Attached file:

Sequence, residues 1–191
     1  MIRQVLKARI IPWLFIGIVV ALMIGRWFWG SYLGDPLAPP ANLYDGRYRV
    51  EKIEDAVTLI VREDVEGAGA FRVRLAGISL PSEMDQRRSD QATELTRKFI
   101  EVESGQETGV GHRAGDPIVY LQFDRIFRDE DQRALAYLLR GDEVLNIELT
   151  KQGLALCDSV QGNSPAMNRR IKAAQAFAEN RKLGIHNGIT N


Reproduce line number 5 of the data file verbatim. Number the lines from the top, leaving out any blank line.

   151  KQGLALCDSV QGNSPAMNRR IKAAQAFAEN RKLGIHNGIT N